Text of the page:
Vision 2012: leisure then
In 1912, most people were employed in farming, forestry or mining work, which offered few opportunities for recreation.
Margaret W. Bishop in her memoir And So They Came To Cowichan explains.
"While their days to relax were not many, they were enjoyed to the fullest, and the few days in the year when large district gatherings brought friends together still stand out in the memory. I can think of three such days: The 24th of May picnic at the Riverbottom (Sahtlam); the 1st of July celebration at Cowichan Bay; and the September Fall Fair."
Bishop describes a winter wonderland we only sing about now.
"Those were the days when we used to look forward to snow and sleigh rides every year. Either in the one horse cutters with sleigh bells jingling or better still in the big bobsleighs, when the wagon box was filled with fresh clean hay and we, well wrapped in wool toques, mufflers, our big winter coats and warm blankets (even hot bricks) piled in with a party of our friends (old and young). A real old-fashioned sleighing party. The sleigh bells jingled, the moon shone brightly and we sang all the popular songs of the day."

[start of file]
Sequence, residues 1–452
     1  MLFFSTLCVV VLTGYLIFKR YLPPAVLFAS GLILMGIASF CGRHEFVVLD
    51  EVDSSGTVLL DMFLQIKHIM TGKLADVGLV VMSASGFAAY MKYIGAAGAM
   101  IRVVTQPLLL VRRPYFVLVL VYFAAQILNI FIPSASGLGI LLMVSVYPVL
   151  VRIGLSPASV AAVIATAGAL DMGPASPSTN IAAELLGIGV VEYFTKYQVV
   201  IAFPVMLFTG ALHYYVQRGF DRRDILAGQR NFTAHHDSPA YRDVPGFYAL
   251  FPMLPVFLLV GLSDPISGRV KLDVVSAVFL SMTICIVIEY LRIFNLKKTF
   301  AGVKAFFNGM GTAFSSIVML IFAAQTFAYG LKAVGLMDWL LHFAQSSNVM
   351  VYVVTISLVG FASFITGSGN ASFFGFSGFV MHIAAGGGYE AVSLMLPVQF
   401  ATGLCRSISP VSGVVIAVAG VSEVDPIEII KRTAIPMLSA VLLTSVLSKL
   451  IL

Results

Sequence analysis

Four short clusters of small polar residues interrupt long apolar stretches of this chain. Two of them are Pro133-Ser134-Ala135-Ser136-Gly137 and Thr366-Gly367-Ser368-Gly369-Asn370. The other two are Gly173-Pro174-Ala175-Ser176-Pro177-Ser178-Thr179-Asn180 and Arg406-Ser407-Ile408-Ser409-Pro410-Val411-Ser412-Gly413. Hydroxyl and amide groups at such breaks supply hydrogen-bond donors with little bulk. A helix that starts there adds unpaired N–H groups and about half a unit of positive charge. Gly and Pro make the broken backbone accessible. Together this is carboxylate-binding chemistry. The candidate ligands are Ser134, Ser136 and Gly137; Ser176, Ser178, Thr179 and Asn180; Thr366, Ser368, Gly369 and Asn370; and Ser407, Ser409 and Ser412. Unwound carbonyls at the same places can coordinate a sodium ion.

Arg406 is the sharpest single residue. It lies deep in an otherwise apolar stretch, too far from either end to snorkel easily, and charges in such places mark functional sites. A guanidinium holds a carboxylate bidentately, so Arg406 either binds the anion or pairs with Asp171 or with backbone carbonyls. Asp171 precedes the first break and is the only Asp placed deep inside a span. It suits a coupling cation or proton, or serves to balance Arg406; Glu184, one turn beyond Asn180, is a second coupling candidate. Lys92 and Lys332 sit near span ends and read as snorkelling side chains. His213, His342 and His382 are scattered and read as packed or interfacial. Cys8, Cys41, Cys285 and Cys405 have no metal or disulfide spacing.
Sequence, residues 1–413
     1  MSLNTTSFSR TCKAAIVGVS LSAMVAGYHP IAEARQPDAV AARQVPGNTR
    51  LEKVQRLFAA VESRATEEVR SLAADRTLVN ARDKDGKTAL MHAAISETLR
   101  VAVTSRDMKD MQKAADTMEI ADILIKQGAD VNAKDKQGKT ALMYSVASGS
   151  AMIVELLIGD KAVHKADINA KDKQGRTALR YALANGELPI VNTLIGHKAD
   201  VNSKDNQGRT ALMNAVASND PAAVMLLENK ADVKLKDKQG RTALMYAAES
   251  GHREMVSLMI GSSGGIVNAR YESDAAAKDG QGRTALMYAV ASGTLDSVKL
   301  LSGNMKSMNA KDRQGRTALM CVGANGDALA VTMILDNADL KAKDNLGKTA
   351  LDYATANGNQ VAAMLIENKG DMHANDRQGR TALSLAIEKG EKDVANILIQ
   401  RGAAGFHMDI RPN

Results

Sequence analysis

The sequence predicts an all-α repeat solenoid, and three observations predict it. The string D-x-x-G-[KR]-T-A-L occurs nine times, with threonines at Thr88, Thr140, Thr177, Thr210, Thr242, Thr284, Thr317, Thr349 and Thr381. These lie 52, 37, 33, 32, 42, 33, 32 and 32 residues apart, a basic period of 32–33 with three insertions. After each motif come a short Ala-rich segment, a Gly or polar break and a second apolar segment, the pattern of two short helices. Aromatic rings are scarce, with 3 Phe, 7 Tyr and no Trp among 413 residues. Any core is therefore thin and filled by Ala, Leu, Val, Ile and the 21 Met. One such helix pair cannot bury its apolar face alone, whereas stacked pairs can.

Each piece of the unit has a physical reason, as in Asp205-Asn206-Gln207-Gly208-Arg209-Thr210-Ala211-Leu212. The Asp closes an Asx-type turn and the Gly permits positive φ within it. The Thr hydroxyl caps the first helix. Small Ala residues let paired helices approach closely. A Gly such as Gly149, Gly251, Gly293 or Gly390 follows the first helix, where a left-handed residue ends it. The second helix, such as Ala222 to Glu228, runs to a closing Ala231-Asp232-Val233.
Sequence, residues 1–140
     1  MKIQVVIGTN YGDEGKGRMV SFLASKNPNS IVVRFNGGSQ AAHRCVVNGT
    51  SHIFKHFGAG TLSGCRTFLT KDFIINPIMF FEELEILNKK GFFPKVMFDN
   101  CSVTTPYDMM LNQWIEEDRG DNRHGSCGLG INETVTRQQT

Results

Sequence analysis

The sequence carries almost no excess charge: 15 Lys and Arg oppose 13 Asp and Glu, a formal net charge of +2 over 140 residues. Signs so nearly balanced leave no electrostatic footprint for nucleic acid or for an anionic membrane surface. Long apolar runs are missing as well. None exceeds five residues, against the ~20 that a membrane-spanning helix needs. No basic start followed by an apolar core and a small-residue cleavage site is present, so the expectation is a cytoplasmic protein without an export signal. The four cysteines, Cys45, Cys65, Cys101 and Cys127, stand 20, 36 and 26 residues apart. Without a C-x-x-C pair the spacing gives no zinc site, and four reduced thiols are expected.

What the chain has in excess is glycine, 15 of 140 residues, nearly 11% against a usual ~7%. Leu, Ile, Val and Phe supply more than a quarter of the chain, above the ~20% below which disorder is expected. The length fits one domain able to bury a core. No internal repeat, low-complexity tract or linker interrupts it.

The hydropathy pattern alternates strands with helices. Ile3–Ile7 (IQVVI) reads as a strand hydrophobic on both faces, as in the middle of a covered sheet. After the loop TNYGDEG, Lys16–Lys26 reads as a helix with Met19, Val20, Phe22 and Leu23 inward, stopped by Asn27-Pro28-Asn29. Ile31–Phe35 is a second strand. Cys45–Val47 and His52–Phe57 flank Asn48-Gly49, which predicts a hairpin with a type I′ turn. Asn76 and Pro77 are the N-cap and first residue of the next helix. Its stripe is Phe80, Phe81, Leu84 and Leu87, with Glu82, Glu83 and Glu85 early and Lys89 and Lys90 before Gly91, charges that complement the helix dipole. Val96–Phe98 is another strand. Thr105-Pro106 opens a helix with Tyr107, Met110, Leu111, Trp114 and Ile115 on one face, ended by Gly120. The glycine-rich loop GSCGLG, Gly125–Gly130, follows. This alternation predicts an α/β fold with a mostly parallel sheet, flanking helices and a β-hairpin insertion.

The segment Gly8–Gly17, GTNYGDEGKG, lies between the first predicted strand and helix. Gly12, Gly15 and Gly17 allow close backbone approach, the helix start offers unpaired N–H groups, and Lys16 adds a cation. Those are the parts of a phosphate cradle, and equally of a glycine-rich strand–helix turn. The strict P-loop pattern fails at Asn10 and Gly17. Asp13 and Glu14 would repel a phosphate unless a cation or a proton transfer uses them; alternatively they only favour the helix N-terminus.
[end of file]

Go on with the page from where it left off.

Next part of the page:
Cricket, basketball, field hockey, tennis, and golf were sports enjoyed by men and women. Young remittance men, sons of wealthy British families who came to Cowichan to farm, were a new class of resident that attracted wealthy visitors who enjoyed fishing and shooting, polo and regattas.
In Memories Never Lost, compiled by the pioneer researchers, the authors describe how these European settlers enjoyed a high-society lifestyle.
"Young remittance men who spent their days in overalls, doing labourer's chores while supposedly learning farming, turned out to the formal dances wearing correct evening dress and "smelling of cows and mothballs'. The society, which amused itself with balls in full evening dress, yachting, tennis, teas with damask cloths and silver tea service, existed side by side with the other older society which continued in its accustomed way, laboriously improving the farms year by year."